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Starting a Meditation Practice

If you’ve ever been curious about meditation or tried it yourself and were unsure how to do it, you’ve experienced something many others have. The following information is for anyone who has wanted to meditate but didn’t quite know what to expect or how to do it effectively.

I’m writing this with the intention of introducing you to a realistic and accessible way of how you can incorporate meditation into your life. I don’t really have a great story of how I started with meditation. I did it a couple times by myself and was usually confused if I was doing it right, and felt defeated when I wasn’t experiencing a deep awakening or sudden transformation. What really helped me to get into it was meditating with other people who were important to me. We did a 10-minute meditation together and I felt incredible after.

As you may already be familiar, meditation is effective in numerous ways. Some key benefits include lower depression, better sleep, reduced anger, less anxiety (especially social anxiety), better sexual performance, improved physical health, and higher focus and concentration.

How Can Meditation Benefit You?

If you are interested in starting (or re-starting) meditation, it’s important to understand why you are doing this. Do you want to reduce something, such as stress, anxiety and depression; or do you want to gain something, such as awareness, understanding, and calm? Most people are interested in both of those areas, but you should take inventory of your own life and decide what pertains to you specifically.  This way, you’ll know whether or not your meditation practice is effective.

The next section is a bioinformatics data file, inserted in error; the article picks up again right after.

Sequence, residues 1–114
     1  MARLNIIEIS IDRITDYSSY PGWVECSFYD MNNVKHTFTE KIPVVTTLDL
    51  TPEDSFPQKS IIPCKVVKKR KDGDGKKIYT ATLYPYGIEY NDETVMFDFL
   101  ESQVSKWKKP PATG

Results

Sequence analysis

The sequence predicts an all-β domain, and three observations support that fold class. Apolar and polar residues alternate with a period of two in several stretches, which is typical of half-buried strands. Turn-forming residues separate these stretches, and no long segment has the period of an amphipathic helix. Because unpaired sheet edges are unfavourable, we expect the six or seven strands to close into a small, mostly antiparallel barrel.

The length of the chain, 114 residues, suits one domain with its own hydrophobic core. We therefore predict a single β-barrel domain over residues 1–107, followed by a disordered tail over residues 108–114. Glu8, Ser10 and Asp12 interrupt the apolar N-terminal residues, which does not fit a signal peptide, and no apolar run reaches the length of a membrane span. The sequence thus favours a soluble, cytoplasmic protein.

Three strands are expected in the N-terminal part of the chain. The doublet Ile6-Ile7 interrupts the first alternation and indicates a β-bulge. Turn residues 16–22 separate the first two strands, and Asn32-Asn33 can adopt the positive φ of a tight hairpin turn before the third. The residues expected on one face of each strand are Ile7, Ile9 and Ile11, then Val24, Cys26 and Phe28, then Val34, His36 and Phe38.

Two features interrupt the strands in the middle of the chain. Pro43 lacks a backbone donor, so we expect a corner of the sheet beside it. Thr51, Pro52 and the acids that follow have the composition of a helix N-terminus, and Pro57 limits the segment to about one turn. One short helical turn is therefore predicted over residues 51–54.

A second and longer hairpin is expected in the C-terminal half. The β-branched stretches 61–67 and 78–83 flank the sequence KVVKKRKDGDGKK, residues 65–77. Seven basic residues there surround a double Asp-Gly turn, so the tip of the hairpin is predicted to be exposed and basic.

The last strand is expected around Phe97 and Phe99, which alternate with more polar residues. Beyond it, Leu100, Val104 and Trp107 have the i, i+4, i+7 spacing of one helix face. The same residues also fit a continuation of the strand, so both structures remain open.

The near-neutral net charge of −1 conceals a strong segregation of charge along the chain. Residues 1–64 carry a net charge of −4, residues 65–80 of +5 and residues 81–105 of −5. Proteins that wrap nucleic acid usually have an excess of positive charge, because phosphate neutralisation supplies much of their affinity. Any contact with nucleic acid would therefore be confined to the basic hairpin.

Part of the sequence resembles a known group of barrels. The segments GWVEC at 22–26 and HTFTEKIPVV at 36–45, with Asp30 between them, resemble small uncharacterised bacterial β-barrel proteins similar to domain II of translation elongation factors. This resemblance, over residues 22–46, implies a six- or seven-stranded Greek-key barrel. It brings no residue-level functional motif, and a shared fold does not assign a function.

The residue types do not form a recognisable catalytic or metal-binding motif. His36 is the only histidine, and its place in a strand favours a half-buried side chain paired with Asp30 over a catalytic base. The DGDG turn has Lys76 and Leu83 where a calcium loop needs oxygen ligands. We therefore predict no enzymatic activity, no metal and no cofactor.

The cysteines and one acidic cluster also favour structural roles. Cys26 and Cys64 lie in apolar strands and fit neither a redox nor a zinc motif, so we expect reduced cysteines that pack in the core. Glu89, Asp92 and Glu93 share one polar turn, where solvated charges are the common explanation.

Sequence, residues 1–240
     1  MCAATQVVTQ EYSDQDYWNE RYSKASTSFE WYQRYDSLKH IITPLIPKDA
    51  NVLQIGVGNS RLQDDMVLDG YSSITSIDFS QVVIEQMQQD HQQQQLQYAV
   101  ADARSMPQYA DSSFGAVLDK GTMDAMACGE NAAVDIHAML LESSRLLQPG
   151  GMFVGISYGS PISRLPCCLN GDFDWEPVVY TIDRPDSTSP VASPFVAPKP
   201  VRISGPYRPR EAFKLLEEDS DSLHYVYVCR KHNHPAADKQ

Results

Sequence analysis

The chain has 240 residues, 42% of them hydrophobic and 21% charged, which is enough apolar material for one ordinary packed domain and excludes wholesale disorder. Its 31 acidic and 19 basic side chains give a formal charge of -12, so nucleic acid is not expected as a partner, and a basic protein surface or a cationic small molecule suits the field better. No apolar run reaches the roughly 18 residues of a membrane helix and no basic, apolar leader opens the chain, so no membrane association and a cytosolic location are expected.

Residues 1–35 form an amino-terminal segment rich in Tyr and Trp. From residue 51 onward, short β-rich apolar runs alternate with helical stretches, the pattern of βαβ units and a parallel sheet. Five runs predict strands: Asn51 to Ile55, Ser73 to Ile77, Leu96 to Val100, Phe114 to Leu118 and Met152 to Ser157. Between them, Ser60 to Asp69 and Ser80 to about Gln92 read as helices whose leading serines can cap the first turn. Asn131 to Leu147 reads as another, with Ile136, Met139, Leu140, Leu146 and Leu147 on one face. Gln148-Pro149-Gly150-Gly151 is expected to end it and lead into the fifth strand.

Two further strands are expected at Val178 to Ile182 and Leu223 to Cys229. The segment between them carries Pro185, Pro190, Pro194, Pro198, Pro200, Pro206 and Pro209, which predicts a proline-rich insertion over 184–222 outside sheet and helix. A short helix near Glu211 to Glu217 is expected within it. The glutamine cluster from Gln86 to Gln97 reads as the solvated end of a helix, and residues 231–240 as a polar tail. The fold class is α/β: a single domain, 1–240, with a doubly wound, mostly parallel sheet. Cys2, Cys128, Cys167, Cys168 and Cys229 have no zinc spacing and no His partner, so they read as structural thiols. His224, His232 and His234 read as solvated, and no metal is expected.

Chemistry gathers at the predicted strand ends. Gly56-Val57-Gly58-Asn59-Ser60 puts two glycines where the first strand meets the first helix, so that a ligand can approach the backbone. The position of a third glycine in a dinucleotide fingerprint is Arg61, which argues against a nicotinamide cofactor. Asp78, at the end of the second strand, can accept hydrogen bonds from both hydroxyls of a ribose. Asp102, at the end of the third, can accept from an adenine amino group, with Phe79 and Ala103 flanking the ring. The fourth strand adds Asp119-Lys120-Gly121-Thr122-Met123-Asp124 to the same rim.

Turning Your Mind On

In my therapy practice, I talk with my clients a lot about the benefits of meditation. I’m never surprised when I hear a client talk about meditation with expectations like, “I can’t really turn my mind off,” or, “I’ve tried meditating but I couldn’t do the blank mind thing,” or “I’m not good at meditation because I can’t get my mind to shut up.” Whenever I hear clients say this kind of thing, I try to point out that it’s not very realistic to “turn your mind off,” and if you can, you’ve likely been practicing meditation for a long time.

Instead of perceiving meditation as a way of turning your mind off, I encourage people to think of it as turning your mind on. You are raising your focus and awareness to your thoughts, instead of allowing your mind to just think random things every couple seconds.

Walking A Dog

Have you ever walked a dog? What happens on the walk? The dog is probably very curious and wants to stop and sniff every five or ten feet, relieve itself, greet other dogs, receive scratches and adoration by people, etc.  You’ve given your dog a task, which is to follow along as you walk together. You as the dog walker have the job of bringing the dog back to the walk when it’s time to do so. You give your dog time to do dog things, and when it’s time to keep going, you tug on the leash and resume the walk. At some point your dog stops again, and you go through the same steps.

Meditation has a similar process. You are giving your mind a simple task, which is to pay attention to present moment experience.  I often suggest to my clients they concentrate on their breathing, their body, and the sounds going on around them. When this happens, you’ll quickly notice your mind gets distracted, doing mind things like dogs do dog things. As the one who is meditating, your role is to notice when this happens, and shift your focus back to your breathing, your body, and the sounds around you. And prepare yourself for the next time your mind wanders off.

Default Mind Behaviors